When asked about the transition from brewing on a half-barrel system at CWU to Orlison's 30-barrel production system, Nalley admits there's a learning curve, but says that brewing techniques are all the same regardless of a system's size.
"Knowing how the brewing process works makes it easier to trace the valves and the lines and figure out what you're doing... but there definitely was a challenge going from a 15-gallon system to 900 gallons," she explains.
It wasn't long after beginning her career at Orlison that another opportunity presented itself to Nalley. In the summer of 2016, former head brewer Serrin decided to go back to school to further his education. Orlison's founder and brewmaster Bernie Düenwald had already transitioned out of the day-to-day brewing operations, which meant that Orlison was in need of a head brewer. Naturally, Nalley was offered the position, which she took with excitement.
"It was a real honor to come into a brewery with an established brand and beers and have someone give me the reins and say, 'It's up to you to brew them now,'" Nalley says.
Now, as Orlison's head brewer for more than a year, Nalley has settled into her place, finding a balance between maintaining the brewery's core lager lineup while also experimenting with new recipes and techniques. Already, the brewery's house ale yeast strain has changed, and a new dry-hopping technique is being implemented in making Orlison's IPL (India Pale Lager; 7 percent ABV, 53 IBU), thanks to her influence. She also plans to continue to use the brewery's pilot system to experiment with other beer styles that could one day end up as part of Orlison's main portfolio.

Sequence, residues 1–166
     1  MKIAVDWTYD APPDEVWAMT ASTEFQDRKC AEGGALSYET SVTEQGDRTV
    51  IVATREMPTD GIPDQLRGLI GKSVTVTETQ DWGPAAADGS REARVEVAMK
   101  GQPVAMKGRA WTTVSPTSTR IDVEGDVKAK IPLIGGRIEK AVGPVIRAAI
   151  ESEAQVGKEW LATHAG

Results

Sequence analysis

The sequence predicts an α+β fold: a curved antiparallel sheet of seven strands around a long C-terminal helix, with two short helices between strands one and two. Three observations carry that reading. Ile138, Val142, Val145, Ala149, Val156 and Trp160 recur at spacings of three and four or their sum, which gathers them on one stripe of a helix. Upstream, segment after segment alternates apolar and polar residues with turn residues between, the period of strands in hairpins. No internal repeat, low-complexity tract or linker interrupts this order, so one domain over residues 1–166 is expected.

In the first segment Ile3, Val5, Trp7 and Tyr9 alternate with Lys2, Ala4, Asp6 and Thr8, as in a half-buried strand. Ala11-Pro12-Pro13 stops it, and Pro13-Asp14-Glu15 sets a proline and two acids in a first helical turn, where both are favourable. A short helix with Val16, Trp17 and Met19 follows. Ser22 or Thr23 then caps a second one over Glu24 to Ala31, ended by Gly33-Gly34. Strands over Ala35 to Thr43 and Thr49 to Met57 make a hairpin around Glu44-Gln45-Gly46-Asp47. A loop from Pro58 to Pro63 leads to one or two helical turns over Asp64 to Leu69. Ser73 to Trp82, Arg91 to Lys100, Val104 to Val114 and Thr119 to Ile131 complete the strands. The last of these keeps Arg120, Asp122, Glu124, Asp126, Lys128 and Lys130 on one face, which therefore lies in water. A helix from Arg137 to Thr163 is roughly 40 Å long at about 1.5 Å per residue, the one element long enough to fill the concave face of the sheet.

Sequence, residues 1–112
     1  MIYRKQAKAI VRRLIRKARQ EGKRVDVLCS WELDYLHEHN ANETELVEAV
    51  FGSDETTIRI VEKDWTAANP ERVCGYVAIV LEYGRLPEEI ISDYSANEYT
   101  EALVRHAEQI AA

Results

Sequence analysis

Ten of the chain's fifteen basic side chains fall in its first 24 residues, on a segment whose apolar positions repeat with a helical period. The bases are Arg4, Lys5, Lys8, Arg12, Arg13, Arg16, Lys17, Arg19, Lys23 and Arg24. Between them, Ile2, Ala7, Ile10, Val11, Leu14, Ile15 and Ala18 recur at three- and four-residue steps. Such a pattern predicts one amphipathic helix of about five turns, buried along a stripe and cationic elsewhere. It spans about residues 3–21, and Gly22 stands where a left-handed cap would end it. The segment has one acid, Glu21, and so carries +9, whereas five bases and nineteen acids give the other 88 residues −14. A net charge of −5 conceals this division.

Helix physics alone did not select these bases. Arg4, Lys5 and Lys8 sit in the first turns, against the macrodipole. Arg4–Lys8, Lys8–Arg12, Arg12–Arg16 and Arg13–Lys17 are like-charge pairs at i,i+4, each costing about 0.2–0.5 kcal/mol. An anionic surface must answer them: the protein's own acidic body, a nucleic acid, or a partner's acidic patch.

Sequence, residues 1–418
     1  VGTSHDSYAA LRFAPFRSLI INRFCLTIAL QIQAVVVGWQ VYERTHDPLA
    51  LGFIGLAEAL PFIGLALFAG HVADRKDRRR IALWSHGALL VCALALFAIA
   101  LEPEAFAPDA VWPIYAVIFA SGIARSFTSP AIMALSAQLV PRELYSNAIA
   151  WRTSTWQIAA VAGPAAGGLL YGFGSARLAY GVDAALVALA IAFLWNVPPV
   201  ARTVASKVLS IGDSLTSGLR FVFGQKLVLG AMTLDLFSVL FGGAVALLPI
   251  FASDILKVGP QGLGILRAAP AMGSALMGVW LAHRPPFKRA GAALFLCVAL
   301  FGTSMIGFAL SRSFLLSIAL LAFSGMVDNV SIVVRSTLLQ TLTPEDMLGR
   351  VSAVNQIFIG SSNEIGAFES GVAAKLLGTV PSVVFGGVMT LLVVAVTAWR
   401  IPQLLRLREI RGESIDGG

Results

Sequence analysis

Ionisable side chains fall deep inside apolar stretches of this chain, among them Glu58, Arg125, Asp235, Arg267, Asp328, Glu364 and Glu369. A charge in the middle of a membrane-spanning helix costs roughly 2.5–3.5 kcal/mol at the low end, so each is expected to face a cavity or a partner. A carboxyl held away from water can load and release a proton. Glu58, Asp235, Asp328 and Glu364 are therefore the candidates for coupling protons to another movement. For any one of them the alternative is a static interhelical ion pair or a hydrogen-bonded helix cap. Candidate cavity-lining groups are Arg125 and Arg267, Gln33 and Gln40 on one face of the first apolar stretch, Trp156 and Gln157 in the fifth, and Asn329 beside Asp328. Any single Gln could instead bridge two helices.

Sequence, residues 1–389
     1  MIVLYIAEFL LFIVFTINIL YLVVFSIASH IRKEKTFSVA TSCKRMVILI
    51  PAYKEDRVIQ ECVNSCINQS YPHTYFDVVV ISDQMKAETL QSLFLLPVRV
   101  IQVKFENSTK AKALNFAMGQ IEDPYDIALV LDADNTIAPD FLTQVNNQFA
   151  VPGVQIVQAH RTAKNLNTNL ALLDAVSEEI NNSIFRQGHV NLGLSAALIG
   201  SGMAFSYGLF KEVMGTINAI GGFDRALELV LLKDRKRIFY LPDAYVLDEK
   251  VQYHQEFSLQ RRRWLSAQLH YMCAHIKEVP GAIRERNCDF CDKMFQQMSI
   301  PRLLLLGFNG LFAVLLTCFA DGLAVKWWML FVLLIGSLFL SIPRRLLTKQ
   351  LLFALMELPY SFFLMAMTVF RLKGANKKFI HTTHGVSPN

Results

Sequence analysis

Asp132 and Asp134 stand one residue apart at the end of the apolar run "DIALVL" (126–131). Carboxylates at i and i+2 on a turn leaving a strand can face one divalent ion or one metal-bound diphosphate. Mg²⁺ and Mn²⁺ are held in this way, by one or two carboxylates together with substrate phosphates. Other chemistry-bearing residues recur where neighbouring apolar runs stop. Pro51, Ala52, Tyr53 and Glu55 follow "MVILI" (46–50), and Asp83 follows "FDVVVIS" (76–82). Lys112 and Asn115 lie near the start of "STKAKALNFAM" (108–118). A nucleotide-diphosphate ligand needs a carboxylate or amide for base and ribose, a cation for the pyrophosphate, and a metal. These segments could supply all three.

As far as the future goes, Nalley looks forward to developing more one-off and seasonal beers at Orlison. Creating new recipes that are a hit with the brewery's followers is one of her favorite parts of the job: "I think the most rewarding thing for me is getting to produce something that other people can enjoy with me."
When looking back at her journey into the world of craft beer, Nalley demonstrates she's not afraid to try new things. As Orlison continues to grow its production and distribution, having a head brewer ready to roll with the punches is a good thing.
"Every day is different," Nalley summarizes. "Every day there is something new that happens in the brewery, and having that variety in your job is a lot of fun."
If you're looking to enjoy one of Nalley's refreshing summer seasonal brews, you can find both the Hillclimb Honey Wheat Ale (5.1 percent ABV, 31 IBU) and the HavanAle Grapefruit Pale Ale (4.2 percent ABV, 26 IBU) pouring at the Orlison Taproom in downtown Spokane, at 1017 W. First. ♦
Favorite food you like to pair with beer?
I am a nachos fan. I like me some nachos with beer.
Do you have a dream beer destination you'd love to visit?
I recently had a chance to visit Puerto Vallarta, Mexico, and it was really awesome to experience their craft beer scene. It's growing down there, and it was really neat to see.
What are you up to when you aren't brewing/drinking beer?
I like to tackle outdoor activities, not necessarily with any skill, but with a lot of enthusiasm! I like to mountain bike and snowboard.